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Are engineers the next wave of CRM users?

Social networks and the expanded use of CRM are bringing engineers and product development people into contact with customers. Is that a good thing, and is it worth it?

At Stratus Technologies, it's not uncommon for engineers at the company to access the CRM system. In fact, it's encouraged.

"We have a culture where, even in the old days, engineers could have access to the call center database," said Joe Gravese, CIO of the Maynard, Mass.-based server and storage vendor. "What they're doing is monitoring what's happening with customers and responding to people."

Stratus is not alone. Increasingly, employees outside the traditional CRM triumvirate of sales, customer service and marketing are accessing -- and getting value from -- CRM systems.

Take the Cancer Centers of America. The Schaumburg, Ill.-based company provides specialized care for cancer patients at several centers around the country. The company tracks certain identifiers about patient data in a Microsoft CRM system in order to provide its specialized care.

"We track what they like to eat, their children and grandchildren -- all these soft touch-points -- so we can build care around those patients," said Chris Berry, senior application analyst with information technology at the company.

The Cancer Centers of America are also subject to HIPAA laws, however, meaning there's some information that cannot be tracked in the CRM system. An insurance verification team is accessing both that HIPAA data and Microsoft CRM, and Berry said he's happy to provide CRM licenses for those employees.

"It makes the most sense," he said. “That's where they spend their whole day.”

Social networks opening CRM to more users

Companies for years have promoted themselves as "customer-centric" and tried to put the customer experience at the center of the business, but now social networks like Facebook and Twitter are making it easier than ever to monitor and connect with customers. And, when intelligent search tools are layered on top of these networks and customer communities, it's providing insight that can go directly to engineering or product development.

"The intelligent search tools seem to be doing a great job of extracting that 'voice of the customer' or 'wisdom of the crowd' or whatever phrase you want to choose," said John Ragsdale, vice president of research with the Service and Support Professionals Association. "They're adding this social layer. It's delivering this actionable insight."

For example, engineering and product development can now get much faster and much easier access to things like the most requested bug fix or feature enhancement.

"There's a lot of clickstream analysis that has long been used by marketing and sales that has not been used in service," Ragsdale said. "Those are the tools bringing product management and development closer to the customer."


Are new CRM users ready?

Bringing more employees into the CRM system brings with it some questions, however. In particular, do you want to pay for licenses for them, and do you really want these people interacting with customers?

At Stratus, Gravese was able to use excess seat licenses for a planned second rollout of the system that had not yet launched. So, when launched its Chatter collaboration platform, Gravese signed Stratus on to be a beta customer because his engineering team was looking for collaboration tools. They began using the Chatter collaboration feature and also delved into service records. And they liked it. So Gravese plans to keep them on the licenses.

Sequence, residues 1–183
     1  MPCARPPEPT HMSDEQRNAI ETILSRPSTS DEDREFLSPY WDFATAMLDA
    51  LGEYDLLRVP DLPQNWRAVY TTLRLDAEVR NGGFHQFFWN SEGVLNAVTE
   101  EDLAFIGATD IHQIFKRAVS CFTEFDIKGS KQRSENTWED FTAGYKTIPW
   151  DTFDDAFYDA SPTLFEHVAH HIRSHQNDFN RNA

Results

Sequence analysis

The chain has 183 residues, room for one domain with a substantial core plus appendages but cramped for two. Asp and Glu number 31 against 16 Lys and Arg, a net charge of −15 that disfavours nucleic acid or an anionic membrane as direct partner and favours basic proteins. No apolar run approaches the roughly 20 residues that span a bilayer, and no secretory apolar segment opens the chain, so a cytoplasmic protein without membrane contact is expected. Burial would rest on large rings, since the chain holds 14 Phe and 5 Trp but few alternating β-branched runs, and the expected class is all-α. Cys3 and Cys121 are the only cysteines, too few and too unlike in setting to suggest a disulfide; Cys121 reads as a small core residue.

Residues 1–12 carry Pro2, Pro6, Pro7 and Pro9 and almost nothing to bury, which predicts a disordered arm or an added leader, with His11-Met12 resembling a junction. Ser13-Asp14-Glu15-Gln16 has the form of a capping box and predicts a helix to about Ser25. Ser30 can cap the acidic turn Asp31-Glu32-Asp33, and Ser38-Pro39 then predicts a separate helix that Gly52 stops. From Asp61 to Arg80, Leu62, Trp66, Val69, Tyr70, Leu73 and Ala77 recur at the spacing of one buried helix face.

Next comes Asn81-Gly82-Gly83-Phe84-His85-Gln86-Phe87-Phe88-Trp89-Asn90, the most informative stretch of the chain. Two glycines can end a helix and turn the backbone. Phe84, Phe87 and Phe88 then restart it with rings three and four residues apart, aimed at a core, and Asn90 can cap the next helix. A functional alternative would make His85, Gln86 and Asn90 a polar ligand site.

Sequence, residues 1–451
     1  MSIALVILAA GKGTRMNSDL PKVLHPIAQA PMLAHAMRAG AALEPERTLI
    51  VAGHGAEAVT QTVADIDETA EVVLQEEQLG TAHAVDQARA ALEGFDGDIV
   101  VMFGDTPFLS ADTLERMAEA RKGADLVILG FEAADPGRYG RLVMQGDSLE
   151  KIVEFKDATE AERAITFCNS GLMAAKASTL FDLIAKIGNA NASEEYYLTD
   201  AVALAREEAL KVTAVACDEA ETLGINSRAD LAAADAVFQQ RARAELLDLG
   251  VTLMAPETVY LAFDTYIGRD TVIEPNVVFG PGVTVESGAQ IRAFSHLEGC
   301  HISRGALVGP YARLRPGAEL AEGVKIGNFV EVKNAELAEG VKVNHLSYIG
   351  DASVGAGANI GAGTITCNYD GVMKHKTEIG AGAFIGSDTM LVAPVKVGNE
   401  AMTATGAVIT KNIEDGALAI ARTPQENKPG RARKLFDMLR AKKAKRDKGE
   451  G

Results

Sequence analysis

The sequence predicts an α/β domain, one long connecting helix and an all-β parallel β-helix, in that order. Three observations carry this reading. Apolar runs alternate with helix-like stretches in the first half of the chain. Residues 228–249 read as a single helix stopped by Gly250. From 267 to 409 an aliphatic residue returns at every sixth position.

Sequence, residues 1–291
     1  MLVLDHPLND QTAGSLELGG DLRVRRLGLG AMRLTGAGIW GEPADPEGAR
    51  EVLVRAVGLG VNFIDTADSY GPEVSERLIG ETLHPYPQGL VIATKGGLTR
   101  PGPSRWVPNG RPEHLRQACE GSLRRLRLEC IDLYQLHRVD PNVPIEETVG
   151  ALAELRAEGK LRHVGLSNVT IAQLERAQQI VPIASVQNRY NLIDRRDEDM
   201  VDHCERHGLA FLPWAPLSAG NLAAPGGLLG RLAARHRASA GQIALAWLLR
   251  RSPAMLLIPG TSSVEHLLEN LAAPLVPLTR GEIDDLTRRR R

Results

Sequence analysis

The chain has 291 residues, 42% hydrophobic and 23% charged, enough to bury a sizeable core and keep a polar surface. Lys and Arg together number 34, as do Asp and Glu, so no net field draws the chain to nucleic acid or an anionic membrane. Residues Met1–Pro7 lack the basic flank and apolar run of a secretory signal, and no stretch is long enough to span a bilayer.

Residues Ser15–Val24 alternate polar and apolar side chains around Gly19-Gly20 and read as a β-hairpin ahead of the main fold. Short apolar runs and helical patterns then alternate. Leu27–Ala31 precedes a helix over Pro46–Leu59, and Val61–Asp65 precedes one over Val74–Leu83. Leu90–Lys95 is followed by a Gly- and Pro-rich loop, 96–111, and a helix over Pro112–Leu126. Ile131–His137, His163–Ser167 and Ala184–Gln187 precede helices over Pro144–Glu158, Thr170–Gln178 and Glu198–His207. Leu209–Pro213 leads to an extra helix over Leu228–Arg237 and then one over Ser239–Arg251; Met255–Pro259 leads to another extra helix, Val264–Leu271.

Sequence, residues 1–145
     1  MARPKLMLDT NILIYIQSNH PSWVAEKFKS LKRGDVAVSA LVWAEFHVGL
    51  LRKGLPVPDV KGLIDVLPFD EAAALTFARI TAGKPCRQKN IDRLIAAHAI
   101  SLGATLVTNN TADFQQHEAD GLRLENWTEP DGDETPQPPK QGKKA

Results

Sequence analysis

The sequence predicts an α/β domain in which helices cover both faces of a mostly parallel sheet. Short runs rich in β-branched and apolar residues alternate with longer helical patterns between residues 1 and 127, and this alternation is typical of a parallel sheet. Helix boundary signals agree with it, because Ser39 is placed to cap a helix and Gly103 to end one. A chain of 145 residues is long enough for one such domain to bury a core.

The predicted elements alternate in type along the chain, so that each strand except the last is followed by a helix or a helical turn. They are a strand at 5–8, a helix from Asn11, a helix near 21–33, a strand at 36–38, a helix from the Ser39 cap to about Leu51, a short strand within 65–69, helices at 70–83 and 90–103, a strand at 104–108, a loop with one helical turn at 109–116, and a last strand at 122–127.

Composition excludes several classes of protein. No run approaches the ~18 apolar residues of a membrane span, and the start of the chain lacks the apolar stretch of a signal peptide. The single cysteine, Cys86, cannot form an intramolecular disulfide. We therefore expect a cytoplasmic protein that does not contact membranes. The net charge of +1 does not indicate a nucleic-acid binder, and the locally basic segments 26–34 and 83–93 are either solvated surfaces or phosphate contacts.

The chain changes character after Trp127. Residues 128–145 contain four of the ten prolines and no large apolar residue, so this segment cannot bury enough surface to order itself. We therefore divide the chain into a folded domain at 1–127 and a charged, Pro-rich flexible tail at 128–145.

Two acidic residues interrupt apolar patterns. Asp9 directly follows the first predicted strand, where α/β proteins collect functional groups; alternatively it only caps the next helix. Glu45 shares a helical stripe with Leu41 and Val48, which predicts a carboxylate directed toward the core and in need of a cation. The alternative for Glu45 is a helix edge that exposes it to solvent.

"It's adding value to the company," he said. "I'm trying to figure out how to make it sort of permanent. It's sort of a win-win all around. Engineers gain better visibility into the customers, and it helps customer service. Now, it's an issue for me how to bring them into this world."

Indeed, for some call center managers, the idea of involving engineers in customer service conjures up scary images of a belligerent techie sucking down Jolt Cola and talking down to valuable customers.

"It's sort of an interesting dilemma," Ragsdale said. "Development and engineers aren't necessarily the ones I would want working directly with customers. It does open the door to customer service skills training. What sort of position papers or guidelines should be in place for how employees work with customers? It's not a set of skills I think every developer has."

According to Ragsdale, Novell was an early experimenter with this. It created customer communities that discussed Novell products, and experts were tasked with solving their problems and given a direct line into development at the company.

In fact, software development and high tech is well out in front of most other industries.

"There are a lot of ways that development is being forced to be customer facing for the first time," Ragsdale said. "It depends on the culture of the company. Clearly Salesforce and the on-demand vendors and with some of the newer, smaller companies, the developers are working directly with customers. In the old days of enterprise hardware and software, there was a lull there. Even if developers wanted to work with customers, they went through support, and I think that wall’s been completely broken down."

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